Slim Hadley from The Punkin Holler Boys shot me an email about a Melody Inn show this Friday (Sept. 14) featuring a reunion of the Honky Tonk Prowlers (and a recreation of the Big Ol’ Cadillac album) plus the country rock of 19Clark25 and the Fabulous SlimTones.
So I found Slim, and we talked about the old band, what’s ahead for what he calls “real country music” and the inspiration for getting the bands together for one night of twangin’ and rowdy country music.
For a brief history lesson, we recall the Prowlers featured the singing and writing of Punkin Holler’s Ralph Ed Jeffers, and were an Americana/Roots/country and hillbilly punk-leaning band. The leader of the band, Jeffers, got the chance to work with another Indy legend, Frank Dean, on the Cadillac album.
“We took inspiration from Buck Owens, Johnny Cash, Marty Robbins and Dwight Yoakam”, Hadley says of the HTP band. “This will be an evening of music akin to the above-mentioned as we will perform the complete Big Ol’ Cadillac album live for the first time in 20 years, as recorded by Ralph Ed Jeffers all those years ago.”
Rob Nichols: What’s the story of the Big Ol’ Cadillac album?
Slim Hadley: Ralph and (local singer/songwriter) Frank Dean had been wanting to work together. Frank had access to Monday Morning Studios and they took Ralph’s songs and a couple from Frank and created a narrative of an aspiring country singer going through the process of trying to make it big.
It could’ve been from 1962 or 1992 or 2012. It’s a timeless story of passion for one’s craft and the trials of getting to where one can do it. Or not getting there.
Frank also says he starts recording his next new album, Antique Finish, in two weeks. It will be his first solo recording in nearly ten years. He says “some of the finest musicians around have signed on to help out”. He says you can check out his Facebook page to stay up to date.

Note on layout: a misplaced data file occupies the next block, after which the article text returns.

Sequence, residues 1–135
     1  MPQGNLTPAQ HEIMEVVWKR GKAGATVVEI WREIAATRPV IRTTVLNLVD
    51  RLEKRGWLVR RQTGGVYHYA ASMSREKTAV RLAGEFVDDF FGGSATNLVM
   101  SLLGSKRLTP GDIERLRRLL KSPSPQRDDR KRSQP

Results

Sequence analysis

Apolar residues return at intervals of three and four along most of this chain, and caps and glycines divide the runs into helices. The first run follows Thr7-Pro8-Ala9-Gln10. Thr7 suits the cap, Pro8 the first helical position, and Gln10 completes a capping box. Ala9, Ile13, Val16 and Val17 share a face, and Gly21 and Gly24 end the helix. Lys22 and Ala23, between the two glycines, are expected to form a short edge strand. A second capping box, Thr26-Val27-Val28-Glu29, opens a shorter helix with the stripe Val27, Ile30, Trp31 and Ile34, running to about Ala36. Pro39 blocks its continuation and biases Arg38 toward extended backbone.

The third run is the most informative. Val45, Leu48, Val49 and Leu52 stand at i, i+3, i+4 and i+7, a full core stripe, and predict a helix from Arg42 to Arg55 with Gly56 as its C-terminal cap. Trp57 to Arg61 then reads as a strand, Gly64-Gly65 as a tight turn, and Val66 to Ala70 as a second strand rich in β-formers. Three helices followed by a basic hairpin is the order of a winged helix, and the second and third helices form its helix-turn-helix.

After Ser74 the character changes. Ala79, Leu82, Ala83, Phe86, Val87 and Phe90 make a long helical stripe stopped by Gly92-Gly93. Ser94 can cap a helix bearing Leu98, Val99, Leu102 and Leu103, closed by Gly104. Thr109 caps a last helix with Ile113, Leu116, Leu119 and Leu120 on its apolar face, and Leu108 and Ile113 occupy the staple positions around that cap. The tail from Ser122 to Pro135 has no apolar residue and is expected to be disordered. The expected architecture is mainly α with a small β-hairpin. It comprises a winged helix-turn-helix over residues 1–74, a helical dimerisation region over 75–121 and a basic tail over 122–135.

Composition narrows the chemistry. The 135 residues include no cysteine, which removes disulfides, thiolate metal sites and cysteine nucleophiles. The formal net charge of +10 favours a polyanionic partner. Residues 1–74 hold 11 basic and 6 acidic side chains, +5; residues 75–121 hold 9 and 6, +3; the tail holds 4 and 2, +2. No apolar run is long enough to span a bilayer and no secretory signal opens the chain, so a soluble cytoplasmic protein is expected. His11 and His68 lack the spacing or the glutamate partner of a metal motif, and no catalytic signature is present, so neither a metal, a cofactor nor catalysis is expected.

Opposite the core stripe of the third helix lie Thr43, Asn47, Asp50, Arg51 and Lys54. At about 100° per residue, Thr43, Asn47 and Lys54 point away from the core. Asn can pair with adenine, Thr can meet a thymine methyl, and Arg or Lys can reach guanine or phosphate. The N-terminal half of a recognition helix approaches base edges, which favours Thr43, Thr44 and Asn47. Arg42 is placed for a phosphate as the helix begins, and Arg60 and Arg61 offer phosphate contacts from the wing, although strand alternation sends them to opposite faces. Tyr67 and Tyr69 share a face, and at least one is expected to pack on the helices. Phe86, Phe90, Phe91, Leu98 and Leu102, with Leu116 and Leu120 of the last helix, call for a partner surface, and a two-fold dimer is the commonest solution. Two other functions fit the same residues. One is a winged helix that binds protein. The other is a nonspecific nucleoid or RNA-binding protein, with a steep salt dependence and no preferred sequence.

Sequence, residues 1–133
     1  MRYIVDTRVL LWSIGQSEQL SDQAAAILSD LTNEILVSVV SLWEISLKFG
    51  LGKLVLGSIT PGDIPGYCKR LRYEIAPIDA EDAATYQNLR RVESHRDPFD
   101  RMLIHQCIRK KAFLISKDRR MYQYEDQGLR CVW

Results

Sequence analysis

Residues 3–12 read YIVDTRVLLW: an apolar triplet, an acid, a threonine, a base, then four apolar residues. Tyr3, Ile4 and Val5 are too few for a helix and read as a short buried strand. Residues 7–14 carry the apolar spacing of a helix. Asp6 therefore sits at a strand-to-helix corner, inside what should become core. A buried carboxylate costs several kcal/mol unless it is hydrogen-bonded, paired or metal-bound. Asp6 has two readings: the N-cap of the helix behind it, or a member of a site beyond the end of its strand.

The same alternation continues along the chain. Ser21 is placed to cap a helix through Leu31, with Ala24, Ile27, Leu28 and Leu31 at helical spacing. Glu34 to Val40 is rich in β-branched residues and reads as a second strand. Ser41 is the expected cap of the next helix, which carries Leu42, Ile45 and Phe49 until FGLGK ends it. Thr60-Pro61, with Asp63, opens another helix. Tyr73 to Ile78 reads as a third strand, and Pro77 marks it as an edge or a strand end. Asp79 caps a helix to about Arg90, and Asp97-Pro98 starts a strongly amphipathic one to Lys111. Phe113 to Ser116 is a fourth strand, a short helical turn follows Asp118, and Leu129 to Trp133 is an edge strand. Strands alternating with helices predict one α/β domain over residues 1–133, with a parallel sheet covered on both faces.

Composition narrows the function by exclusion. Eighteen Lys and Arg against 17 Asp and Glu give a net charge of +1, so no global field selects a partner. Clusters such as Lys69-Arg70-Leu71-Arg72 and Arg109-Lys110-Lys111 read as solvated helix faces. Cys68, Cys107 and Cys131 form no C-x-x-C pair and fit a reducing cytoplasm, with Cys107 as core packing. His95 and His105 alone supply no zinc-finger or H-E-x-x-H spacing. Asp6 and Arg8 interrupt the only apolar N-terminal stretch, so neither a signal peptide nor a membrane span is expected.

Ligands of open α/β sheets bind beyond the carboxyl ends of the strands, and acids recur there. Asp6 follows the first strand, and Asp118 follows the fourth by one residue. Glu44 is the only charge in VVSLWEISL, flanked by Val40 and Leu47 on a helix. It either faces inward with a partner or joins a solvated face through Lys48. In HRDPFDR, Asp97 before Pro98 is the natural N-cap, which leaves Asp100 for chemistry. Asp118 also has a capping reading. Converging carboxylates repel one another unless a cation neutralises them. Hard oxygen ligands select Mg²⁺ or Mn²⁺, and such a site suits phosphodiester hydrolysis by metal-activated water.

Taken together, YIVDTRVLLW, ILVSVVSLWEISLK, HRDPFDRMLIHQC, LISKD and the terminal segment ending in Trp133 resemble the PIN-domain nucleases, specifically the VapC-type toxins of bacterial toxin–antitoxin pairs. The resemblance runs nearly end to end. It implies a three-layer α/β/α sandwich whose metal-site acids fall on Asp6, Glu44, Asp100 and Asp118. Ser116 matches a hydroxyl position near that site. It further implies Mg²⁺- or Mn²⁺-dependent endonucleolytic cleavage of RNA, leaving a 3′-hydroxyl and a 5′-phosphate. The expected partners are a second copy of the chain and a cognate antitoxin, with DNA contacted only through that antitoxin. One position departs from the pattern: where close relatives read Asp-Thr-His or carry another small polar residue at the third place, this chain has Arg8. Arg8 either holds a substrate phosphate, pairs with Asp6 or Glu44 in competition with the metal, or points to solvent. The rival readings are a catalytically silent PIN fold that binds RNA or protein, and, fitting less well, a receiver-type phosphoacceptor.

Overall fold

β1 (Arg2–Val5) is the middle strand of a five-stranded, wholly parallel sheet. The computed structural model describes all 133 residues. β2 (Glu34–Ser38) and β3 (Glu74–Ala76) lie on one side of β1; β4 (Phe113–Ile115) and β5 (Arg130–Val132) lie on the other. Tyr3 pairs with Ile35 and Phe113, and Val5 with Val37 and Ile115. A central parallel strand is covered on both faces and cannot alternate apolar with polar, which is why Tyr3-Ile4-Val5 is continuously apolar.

Want some attitude with your country rock? Indianapolis-based (well, Franklin, to be correct) songwriter, bandleader and longtime Hoosier Americana roots musician Frank Dean has led that pack of candidates for nearly 30 years.
He plays from the gut and heart as well as any musician, and has proven he will do what he wants, much in the way a Waylon or Merle or Hank Sr. might. Roots rock spun with snarly attitude. His influential bands Blue DeVille and Hillbilly Central gave way to Sindacato, and the most popular section of his career.
Ten years as the leader of that brilliant bluegrass/country/roots rock band supplied Dean the highs (album of the Year for Logan County from both the Indianapolis Star and NUVO; touring with his peer/heroes like Dwight Yoakam, Ralph Stanley, Marty Stuart, Del McCoury and Sam Bush), and the lows (the breakup of the same band after parting ways with longtime friend Gary Wasson; some critics who incorrectly thought the West Virginia-born Dean was a rocker selling out to play bluegrass)
His new band, The Snakehandlers, shifts Dean into a blues-based rock band. Their debut album, released earlier this year, was produced by Eric Lee Johnson at Indianapolis’ The Pop Machine studios. Rock Plus Roll, according to Marc Allen’s review from April in NUVO “leaves you feeling like you stumbled into a roadside bar and discovered an authentic, gritty blues band. You can taste the beer, smell the cigarettes, picture the packed dance floor.”
ROB: How’s the Indianapolis music scene these days for guy like you?
Frank Dean: I don’t have much good to say about the Indy Music Scene. Not that I ever have and that’s always hurt me financially, but it’s the truth. Clubs want free music with no effort or cost to them. They think putting you on their website page is promotion. And even if you have a bar that really digs you, they can’t book you because they signed a contract with a booking agent that only books the people they have on roster. We’ve had clubs tell us how much they dig us but they’re under contract with “you know who”. The Booking Nazis. It’s Miracle Whip on white toast. They’ll go too far with that crap someday. Everything has consequences. Luckily, I’m at the place in my life where ass kissing is not gonna happen. Not that I was ever much for that. Continue reading “Indiana Music: Catching up with Frank Dean”→
• Cross Canadian Ragweed leader Cody Canada and his new band The Departed will be in Bloomington on April 5, for a show at the Bluebird. Show at 9pm – $15
• Frank Dean and The Snakehandlers will perform a special “Unplugged” show this Saturday (March 5) at The Jeff St. Pub in Franklin at 7pm. The free, all-ages, no smoking show features the longtime Indana singer-songwriter’s brand and catalog of alt-country/Americana tunes.
• Jeremiah Posner will be performing cuts from his Hold Steady EP at the Vollrath in Indianapolis on Friday, March 18, performing with Landon Keller, Brandon Whyde, and the Matt Mitchell Project. Wilde and Keller are singer/songwriters from Indy, and Matt Mitchell is from of Louisville.
• Shawn Mullins kicks off the 14th season of the Indy Acoustic Cafe Series this Sunday, March 6, at the Wheeler Community Art Center. Doors at 6:30pm, show at 7pm – Tix are $20 at the door. Here’ a guess: he’ll play “Lullaby”. His latest album is called Light You Up.